"Y'all know how good he is," Bailey said. "The kid's dynamic, man. He's special."
Oh, Peterson is certainly special. The last time the Vikings played the Lions, on Sept. 16 at Ford Field, it looked like he ran for a lot of yards. There was one play where he broke through the Detroit defense and bulled his way down near the goal line.
But in the end, when you looked down at the stat sheet, Peterson had only 66 yards on 20 carries. The Lions largely held the kid in check.
And even though that was only Peterson's second NFL game — and Peterson is coming off a two-game absence because of a knee injury — the Lions take something from that heading into Sunday's pivotal game at the Metrodome.
The players said it was simple.
"We tackled him," linebacker Paris Lenon said. "We tackled well. Everybody pursued to the ball. We fit the runs properly."
"Everybody was doing their job," Bailey said. "There wasn't anybody trying to make a play that they didn't have to make, so to speak. Everybody was making the play that came to him, and that's what we've got to do this week."
Stopping Peterson — not to mention Chester Taylor and Mewelde Moore — is job No. 1 for the Lions. The Vikings are the NFL's best team on the ground, ranking first in rushing and first against the run.
The Lions have to stop Peterson and force the Vikings to pass. They picked off quarterback Tarvaris Jackson four times in their previous meeting.
Offensively, the Lions have to get their struggling passing game going. Overall, they can't play tentative.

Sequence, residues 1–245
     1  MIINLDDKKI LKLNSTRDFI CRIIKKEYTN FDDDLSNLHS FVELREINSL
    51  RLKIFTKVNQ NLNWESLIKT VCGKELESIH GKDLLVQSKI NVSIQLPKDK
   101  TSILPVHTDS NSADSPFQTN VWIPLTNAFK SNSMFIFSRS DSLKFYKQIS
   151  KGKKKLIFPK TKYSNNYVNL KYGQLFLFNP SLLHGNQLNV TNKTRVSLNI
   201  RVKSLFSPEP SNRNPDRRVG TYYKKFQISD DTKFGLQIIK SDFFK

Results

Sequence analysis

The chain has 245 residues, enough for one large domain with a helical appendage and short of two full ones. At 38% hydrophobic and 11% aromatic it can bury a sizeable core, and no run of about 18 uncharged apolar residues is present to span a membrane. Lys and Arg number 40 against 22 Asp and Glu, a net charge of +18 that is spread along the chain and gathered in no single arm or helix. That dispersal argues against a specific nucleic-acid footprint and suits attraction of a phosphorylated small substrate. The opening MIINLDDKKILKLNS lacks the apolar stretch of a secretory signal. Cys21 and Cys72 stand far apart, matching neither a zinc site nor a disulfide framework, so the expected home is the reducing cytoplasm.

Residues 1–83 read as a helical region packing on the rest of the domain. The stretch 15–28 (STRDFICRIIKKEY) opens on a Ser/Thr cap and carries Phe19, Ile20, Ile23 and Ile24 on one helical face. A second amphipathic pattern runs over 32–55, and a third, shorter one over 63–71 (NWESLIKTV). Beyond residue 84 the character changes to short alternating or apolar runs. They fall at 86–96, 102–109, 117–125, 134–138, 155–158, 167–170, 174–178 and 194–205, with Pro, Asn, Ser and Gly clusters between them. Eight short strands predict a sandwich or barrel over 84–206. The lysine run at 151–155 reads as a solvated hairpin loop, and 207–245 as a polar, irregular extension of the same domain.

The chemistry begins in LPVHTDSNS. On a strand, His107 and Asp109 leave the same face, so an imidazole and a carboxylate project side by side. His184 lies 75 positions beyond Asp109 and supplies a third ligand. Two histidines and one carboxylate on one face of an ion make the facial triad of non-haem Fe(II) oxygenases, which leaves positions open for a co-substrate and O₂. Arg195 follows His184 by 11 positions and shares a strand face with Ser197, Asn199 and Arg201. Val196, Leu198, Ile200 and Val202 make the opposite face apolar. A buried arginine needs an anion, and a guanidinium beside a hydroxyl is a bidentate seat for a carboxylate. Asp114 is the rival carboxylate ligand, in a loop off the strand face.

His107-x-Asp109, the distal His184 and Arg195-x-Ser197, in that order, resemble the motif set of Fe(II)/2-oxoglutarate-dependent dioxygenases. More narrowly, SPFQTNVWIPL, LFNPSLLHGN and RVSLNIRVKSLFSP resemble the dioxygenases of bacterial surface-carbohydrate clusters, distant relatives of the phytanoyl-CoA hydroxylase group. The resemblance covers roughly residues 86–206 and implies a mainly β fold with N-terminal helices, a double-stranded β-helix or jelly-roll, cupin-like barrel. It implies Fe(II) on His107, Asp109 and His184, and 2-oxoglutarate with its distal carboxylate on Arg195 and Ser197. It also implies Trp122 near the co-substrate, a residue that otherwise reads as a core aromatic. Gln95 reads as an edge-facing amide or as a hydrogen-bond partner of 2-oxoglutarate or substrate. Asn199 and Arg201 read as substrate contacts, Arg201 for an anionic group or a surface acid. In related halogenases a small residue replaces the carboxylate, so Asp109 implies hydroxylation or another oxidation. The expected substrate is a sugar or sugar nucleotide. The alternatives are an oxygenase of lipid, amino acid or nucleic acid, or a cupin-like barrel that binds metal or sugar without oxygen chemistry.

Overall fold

This team hasn't played in pressure-packed games in a playoff race before, and it has shown lately.
"I think people were worrying about playing like, ‘Man, we've got to win this game, we've got to win,' instead of just letting it go, just playing loose and just playing football," center Dominic Raiola said. "You can see it on tape. It's a big difference.
"People want to win so bad, I think we're pressing a lot. That might be it. I don't know exactly what it is. We put all that behind us now."
These are teams headed in opposite directions.
The Vikings started 2-5. But they have won three of their past four games, putting them back into the playoff picture.
The Lions started 6-2. But they have lost three games in a row, putting their playoff hopes in jeopardy.
"They went this way; we went that way," Lions defensive end Dewayne White said. "But it doesn't matter what happened a month ago. It matters what's going on Sunday."
SERIES HISTORY: 93rd meeting. Vikings lead series, 60-30-2. The Lions beat the Vikings on Sept. 16, 20-17, in overtime. But that was only their second victory over them in 16 games, and it was at Ford Field. They have lost nine in a row at the Metrodome.
BY THE NUMBERS: 0 — Catches by wide receiver Mike Furrey on Thanksgiving Day against Green Bay. Furrey led the NFC in catches last season with 98.
QUOTE TO NOTE: "I know Al's good and everything, but he asked me, ‘Why aren't they throwing you the ball?' I just said, ‘I don't know. I can't worry about that.'" — WR Roy Williams, recalling a conversation with Green Bay CB Al Harris on Thanksgiving Day, when Williams had three catches for 32 yards. Williams led the NFC in receiving yards last season with 1,310.